It is often said that a week is a long time in politics, but many are not aware that the same thing could easily be said of sport. A stark difference in mood, attitude and support for Egypt’s National Football Team has become apparent in the matter of just one week.
Between 15 June, when the team played its first World Cup game against Uruguay, to 19 June, when it played against Russia, there was a complete shift in attitude towards the team, from total support to complete disdain and even anger.
Backed by a massive campaign on the sports networks prior to the World Cup and bolstered by the amazing form of some of Egypt’s key players, especially Egyptian Liverpool star striker Mohamed Salah, the public entered into a frenzied state of anticipation for a great football campaign to come in the World Cup in Russia.
Over the more than nine months since Egypt’s qualification for the World Cup in October 2017, the media had placed enormous pressure on the national team members, with massive, if over-optimistic, predictions of their qualifying for the higher rounds of the World Cup, if not winning it.
The squad was called the “Legion,” the “Warriors” and the “Battalion,” especially in the weeks leading up to the competition. For some, the national team seemed to be like an actual battalion shipped to the battlefront of the war taking place in the world of football. The entire event was hugely politicised by both officials and the media.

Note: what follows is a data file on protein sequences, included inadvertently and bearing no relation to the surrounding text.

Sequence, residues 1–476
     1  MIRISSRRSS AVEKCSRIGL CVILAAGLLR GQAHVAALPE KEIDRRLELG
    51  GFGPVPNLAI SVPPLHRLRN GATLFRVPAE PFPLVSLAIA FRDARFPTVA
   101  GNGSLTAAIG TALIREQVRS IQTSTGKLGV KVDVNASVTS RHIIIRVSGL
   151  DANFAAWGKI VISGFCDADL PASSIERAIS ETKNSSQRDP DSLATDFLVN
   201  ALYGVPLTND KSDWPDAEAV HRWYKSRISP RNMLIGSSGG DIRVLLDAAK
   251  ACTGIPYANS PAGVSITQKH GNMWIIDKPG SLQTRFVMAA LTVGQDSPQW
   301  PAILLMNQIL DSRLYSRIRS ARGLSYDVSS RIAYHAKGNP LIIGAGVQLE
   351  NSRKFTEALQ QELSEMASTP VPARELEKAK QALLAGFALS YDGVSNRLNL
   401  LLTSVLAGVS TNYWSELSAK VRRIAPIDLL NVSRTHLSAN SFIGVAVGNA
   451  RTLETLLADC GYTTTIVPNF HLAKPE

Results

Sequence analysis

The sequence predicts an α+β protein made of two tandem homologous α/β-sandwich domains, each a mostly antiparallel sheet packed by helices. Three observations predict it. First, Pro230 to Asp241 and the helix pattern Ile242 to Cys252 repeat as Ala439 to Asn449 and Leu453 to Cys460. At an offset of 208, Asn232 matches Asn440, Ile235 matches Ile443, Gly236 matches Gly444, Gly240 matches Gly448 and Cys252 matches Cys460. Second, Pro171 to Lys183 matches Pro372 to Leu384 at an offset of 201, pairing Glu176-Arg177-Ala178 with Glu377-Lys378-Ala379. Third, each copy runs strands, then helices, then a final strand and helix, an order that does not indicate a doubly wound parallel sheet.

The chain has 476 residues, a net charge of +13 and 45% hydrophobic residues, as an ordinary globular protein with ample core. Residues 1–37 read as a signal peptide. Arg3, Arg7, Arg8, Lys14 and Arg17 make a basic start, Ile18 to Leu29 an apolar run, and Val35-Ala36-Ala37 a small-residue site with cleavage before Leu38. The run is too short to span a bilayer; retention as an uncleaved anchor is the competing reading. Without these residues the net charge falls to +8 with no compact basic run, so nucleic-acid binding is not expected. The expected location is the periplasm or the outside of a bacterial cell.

Unfortunately, days after its arrival in Russia, the Egyptian media, especially that publishing online, started spreading rumours about the team’s status, even parroting false news stories spread by anonymous sources from the international media about the team without validating these sources. It became a race among Egyptian Internet news outlets to publish as much news as possible, including rumours, just to increase online traffic, or what is known as “click bait”.
These rumours included negative reports about Salah’s health after his injury during the Champions League final, as well as about celebrities meeting with team members in their hotel, which had bad ramifications for the entire team.
Football has a long history of being politically manipulated by governments, the media and politicians worldwide, as happened in the 1934 tournament in Italy, for example, which witnessed Italian dictator Mussolini’s attempts at exploiting it for political ends.
Today, the media has tried to suggest that a good performance by the Egyptian football team in the World Cup will somehow increase the country’s welfare.
The spectacle has been presented as if the fate of the nation depended on the results of the Egyptian team in the World Cup, ludicrous since Brazil and Argentina, both of which have star-studded teams, are on the verge of bankruptcy.
Many economically advanced states do not have football teams to speak of, including Singapore, Canada and Finland. Tying the fate of the nation to the results of its football team is naïve in the extreme and has generated very negative ramifications.